Apple CEO, Tim Cook, said it best during a commencement address at the prestigious Massachusetts Institute of Technology (MIT) last year when he proclaimed science and technology are worthless, if they aren’t motivated by the desire to help people. This belief can be just as correctly applied to the planning and development of smart city initiatives.

We are beginning to see smart city planners involve citizens in each step of a project, from design through measurement and revision.  Citizen engagement is now mentioned in smart city circles just as much as the range of sensors, devices and video cameras to be deployed.

In addition to citizen involvement and traditional “smart” applications, forward-looking cities are incorporating adaptive technologies such as artificial intelligence (AI), machine learning (ML) and robotics. 

These technologies were the subject of much discussion during the recent Smart Cities Connect Spring Conference. City officials, academics and industry representatives predict that human to machine interaction will soon become the norm, enabled by algorithms and deep neural networks that derive insights that humans alone could not achieve. 

The resulting “smart adaptive city” will be better equipped to address dynamic variations in daily life.

The resulting “smart adaptive city” will be better equipped to address dynamic variations in daily life such as fluctuations in energy and water demand, varying mobility needs of a diverse population, and personalized medical requirements of multi-generational families. 

Convergence is Key

Many smart city projects of the past focused on one or two “anchor” applications such as traffic management, energy or lighting.  These projects were usually led by a specific agency over separate connectivity, compute and storage platforms.  Data generated was typically not shared outside the individual agency.  For example, an electric department may be reluctant to share a network platform with public safety or education departments, as each group wants to ensure its network traffic is always the top priority.

Smart city planners are now focusing on how to converge the disparate technologies into a more collaborative environment, which enables cross-sharing of data so agencies can act to improve services to citizens and business constituents. And a converged connectivity platform between the multiple stakeholders is critical.  As Canada’s Centre of Excellence in Next In Generation Networks’ (CCEGN) CEO Ritch Dusome recently commented during the Machine Learning and Artificial Intelligence in Smart City Networks panel discussion, “it’s not smart if it’s not connected”.

The sharing of data is also crucial to achieving the potential benefits of AI and ML.  To be most effective, AI and ML need ongoing, instantaneous access to multiple sources of data from diverse locations.  This allows them to apply the most up-to-date information to help decision makers more quickly and accurately address situations that are detected by the millions of devices deployed in a smart city.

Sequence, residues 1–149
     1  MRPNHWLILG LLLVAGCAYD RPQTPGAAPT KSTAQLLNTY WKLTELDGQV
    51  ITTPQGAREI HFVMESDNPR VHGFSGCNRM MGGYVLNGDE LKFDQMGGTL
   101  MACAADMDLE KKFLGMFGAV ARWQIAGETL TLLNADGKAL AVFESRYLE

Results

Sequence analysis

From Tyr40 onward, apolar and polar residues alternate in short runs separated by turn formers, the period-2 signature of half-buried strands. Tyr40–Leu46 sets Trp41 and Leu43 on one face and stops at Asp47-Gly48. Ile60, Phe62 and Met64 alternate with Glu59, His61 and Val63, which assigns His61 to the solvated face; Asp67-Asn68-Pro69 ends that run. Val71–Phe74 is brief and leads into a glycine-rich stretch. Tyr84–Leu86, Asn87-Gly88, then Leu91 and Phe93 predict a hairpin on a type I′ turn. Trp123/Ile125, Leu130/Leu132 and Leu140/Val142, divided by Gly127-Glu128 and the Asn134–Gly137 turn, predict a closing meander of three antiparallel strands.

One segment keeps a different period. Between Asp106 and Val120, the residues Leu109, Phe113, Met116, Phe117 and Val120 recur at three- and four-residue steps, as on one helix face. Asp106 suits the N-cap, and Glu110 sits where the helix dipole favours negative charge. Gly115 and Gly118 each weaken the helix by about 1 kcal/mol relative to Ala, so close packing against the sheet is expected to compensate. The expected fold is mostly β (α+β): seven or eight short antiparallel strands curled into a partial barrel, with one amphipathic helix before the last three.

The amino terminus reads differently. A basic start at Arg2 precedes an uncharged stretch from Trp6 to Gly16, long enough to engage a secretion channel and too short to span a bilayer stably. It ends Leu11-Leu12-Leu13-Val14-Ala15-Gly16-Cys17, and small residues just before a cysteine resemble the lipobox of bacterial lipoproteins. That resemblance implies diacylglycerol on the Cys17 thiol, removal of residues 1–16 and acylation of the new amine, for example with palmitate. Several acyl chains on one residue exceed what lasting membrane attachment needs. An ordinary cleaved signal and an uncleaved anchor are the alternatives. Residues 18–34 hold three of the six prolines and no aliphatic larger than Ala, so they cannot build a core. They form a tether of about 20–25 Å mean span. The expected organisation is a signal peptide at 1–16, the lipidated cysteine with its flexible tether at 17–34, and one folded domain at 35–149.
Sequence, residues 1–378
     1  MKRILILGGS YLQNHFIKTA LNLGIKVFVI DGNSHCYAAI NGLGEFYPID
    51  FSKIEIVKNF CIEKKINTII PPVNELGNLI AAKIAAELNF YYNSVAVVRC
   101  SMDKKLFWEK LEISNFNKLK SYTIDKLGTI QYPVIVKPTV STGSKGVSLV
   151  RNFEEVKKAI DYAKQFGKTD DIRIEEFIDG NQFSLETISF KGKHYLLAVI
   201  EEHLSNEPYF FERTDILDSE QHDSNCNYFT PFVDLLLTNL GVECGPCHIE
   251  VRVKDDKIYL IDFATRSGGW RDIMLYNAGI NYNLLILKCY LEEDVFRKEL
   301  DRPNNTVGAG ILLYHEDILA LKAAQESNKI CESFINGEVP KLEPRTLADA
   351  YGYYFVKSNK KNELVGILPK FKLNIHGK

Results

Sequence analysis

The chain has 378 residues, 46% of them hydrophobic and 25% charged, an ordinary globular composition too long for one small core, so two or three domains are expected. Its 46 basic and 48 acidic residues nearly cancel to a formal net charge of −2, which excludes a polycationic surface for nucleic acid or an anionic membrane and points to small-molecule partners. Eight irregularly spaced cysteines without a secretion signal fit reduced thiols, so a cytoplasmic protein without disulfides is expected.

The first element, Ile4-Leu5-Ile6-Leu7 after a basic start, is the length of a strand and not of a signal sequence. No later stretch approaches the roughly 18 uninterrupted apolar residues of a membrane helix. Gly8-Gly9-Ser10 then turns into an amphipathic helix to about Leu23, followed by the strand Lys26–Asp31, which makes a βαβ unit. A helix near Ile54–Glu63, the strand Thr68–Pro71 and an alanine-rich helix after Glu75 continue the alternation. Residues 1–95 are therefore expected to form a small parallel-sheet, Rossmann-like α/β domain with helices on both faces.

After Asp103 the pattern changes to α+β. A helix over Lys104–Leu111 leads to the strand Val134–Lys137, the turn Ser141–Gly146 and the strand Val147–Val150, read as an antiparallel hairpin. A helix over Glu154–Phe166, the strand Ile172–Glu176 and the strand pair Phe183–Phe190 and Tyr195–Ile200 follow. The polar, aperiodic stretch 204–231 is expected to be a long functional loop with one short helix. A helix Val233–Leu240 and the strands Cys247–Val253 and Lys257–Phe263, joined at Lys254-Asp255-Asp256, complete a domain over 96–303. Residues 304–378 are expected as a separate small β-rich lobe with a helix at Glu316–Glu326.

Smart Cities Need Intelligent Pipes

During the Smart Cities Connect conference there was a workshop titled “Smart Cities Dumb Pipes”.  I challenged the organizers about the title, which contradicts most smart city planners’ assertions that a robust communications infrastructure is the key foundation for any smart city project.  They admitted that the title was more of a marketing choice to attract attendees.  In fact, the panel discussion focused on why smart cities need to scale up their communications infrastructure. 

To meet the needs of this next iteration of smart cities, the underlying network should adapt intuitively.

Artificial Intelligence and Machine Learning are having a significant impact of smart city network requirements.  Millions of AI and ML -augmented “smart” devices aggregate billions of data points, generating floods of data of varying traffic types, priorities and latency-sensitivities.  This variety can cause abnormalities and spikes in network traffic. 

To meet the needs of this next iteration of smart cities, the underlying network should adapt intuitively.  For example, during city events, mass-impact incidents or other periods of sudden communication needs, the network needs the ability to shift bandwidth when and where it’s most required.  Once the spike is finished, the network should be able to revert back to normal operations. 

To avoid unplanned traffic outages the network should have the ability to analyze data patterns, identify when and where a potential network outage will occur, and take appropriate action.  This process should be automated, based upon policies developed by network managers.  When problems do occur, the network needs to rapidly conduct root-cause analysis, incorporate key learnings, and enable managers to adjust policies accordingly.

The next generation of networks will incorporate the same AI and ML technologies that are augmenting traditional smart city applications.  Combined with Software Defined Networking and Network Functions Virtualization,  AI and ML will provide the intent-based automation and flexibility to make these multi-domain, multi-vendor, densified communications infrastructures as dynamic as the smart cities themselves.

A version of this article previously appeared on Smart Cities Drive